Your coax can be basically as long as you need. Each foot of the coax causes some loss of signal strength, if you go long enough (hundreds of feet) you'll have to switch to more expensive (thicker) coax, and eventually add an amplifier inside the freezer. An outdoor amp will be fine, unless this is a -40 walk-in freezer, but keep the power low. If you need a setup with an amp (and you really shouldn't), find a wifi contractor.

Use a different access point to serve clients outside the freezer. Use the same SSID, and connect the two access points to each other with Ethernet. Each AP should be on a non-overlapping channel (use 1, 6, and 11 in the US, unless you really need more than 3, then 1, 4, 8, 11). Clients should roam between the two seamlessly.

If you have any budget for this, the folks who install satellite dishes should be able to do all of the cable & antenna work. Won't take them too long, either, so it shouldn't be that expensive. Or you could find someone who does wifi networks to handle the whole thing.


As was said in the comments to the other answer, you can set up an AP outside the freezer, with a remote antenna inside the freezer. Some routers have multiple antennae, or allow for additional antennae to be attached, for additional range/coverage. If the AP has at least two antennae and they use BNC connectors, all you have to do is mount the AP outside the freezer, disconnect one of the antennae and run a length of BNC coaxial cable into the freezer with the antenna reconnected to the other end. Some measure of frost protection to prevent shorting would be advisable; you could wrap the connection in electrical tape, or give it a shot of that Flex-Seal stuff. This should get you connectivity both inside and out, without having to have two APs (and thus having the problem of dropping and reconnecting to different wireless APs as you go in and out).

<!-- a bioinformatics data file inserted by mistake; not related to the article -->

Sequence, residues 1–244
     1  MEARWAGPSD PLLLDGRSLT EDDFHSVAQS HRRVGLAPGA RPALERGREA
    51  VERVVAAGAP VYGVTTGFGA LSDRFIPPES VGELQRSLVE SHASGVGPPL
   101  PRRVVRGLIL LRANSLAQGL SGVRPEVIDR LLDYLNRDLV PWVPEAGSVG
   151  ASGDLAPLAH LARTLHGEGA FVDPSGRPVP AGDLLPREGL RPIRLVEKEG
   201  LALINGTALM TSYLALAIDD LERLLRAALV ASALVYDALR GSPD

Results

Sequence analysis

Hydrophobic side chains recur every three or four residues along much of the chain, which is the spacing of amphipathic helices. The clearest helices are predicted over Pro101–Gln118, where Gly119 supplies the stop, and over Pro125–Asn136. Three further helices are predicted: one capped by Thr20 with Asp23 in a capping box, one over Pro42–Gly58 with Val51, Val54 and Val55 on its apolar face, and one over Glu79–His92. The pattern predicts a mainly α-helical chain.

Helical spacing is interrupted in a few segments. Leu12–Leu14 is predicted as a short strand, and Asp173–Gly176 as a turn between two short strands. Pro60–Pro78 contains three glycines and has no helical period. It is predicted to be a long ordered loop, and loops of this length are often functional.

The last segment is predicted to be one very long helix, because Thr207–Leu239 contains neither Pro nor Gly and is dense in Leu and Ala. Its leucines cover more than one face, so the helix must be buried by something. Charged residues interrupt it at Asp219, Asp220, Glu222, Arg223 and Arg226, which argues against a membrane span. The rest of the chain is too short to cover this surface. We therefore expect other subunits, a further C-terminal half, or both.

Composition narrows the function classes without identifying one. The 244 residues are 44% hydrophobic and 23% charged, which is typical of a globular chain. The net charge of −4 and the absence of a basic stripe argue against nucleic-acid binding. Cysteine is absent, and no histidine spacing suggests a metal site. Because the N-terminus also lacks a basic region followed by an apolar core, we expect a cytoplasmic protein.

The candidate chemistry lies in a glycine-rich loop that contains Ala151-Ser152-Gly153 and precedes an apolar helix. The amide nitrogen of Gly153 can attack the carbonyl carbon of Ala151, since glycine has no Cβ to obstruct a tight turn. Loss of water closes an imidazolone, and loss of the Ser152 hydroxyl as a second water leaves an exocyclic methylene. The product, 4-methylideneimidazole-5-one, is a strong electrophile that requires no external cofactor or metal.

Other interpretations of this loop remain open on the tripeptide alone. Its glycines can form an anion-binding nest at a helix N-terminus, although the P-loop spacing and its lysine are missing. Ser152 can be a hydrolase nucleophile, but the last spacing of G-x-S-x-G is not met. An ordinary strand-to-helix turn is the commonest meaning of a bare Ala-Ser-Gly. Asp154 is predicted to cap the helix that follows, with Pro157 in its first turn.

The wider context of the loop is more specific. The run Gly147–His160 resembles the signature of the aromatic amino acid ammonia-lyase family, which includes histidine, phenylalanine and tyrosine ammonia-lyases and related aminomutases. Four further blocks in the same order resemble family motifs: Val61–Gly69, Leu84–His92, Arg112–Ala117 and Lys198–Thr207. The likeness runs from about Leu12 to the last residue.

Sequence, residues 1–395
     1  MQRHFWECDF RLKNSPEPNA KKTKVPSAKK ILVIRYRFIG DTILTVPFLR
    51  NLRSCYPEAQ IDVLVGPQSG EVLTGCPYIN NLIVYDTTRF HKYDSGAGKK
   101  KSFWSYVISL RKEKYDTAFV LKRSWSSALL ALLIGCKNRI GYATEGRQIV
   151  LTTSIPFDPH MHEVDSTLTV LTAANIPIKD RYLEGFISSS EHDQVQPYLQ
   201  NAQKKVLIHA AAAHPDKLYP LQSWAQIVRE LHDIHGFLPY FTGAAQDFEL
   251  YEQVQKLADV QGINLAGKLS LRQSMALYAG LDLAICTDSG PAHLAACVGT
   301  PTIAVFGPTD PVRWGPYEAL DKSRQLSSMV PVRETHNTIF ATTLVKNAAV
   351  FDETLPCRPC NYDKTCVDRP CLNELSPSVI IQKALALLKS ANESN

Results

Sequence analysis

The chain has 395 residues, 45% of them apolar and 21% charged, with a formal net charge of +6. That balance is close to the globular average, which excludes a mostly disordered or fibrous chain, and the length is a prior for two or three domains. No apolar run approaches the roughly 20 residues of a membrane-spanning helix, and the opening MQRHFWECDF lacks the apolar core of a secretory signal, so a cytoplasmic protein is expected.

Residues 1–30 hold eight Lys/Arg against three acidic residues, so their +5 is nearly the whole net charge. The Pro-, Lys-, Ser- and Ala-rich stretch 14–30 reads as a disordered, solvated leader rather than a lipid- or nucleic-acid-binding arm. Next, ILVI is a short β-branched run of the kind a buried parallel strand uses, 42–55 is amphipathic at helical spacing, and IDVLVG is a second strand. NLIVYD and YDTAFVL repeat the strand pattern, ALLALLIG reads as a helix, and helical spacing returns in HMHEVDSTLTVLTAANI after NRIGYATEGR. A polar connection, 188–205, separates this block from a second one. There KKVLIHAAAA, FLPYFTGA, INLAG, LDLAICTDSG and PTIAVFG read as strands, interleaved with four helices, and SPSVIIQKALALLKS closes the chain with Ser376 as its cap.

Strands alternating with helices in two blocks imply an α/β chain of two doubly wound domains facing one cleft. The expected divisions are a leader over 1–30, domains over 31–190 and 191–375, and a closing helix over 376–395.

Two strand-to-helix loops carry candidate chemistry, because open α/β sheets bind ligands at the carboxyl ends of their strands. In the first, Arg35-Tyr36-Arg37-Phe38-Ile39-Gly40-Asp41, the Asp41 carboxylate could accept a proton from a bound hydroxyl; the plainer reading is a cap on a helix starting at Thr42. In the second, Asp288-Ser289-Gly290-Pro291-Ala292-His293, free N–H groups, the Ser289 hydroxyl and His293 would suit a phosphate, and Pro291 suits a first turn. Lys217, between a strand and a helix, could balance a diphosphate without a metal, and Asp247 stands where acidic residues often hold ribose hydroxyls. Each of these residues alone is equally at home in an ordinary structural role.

1. Connect a long ethernet cord to an access point or router
  2. Open the freezer and walk into it, make sure theres slack on the ethernet cable
  3. Attach the access point to the ceiling
  4. Enjoy your wireless signal inside of your freezer
  • The seals on freezer doors are tight, that cable would be destroyed in days.
    – Shinrai
    Jan 21 '13 at 18:39

Test if you get cell phone service inside the walkin. You could possibly set up a personal hotspot inside the walkin. Unfortunately this would not be running on the same network as the one outside. In that case a VPN might work.

  • 2
    You know someone who makes a personal hotspot that's rated for use at temperatures below freezing? Jan 16 '13 at 19:00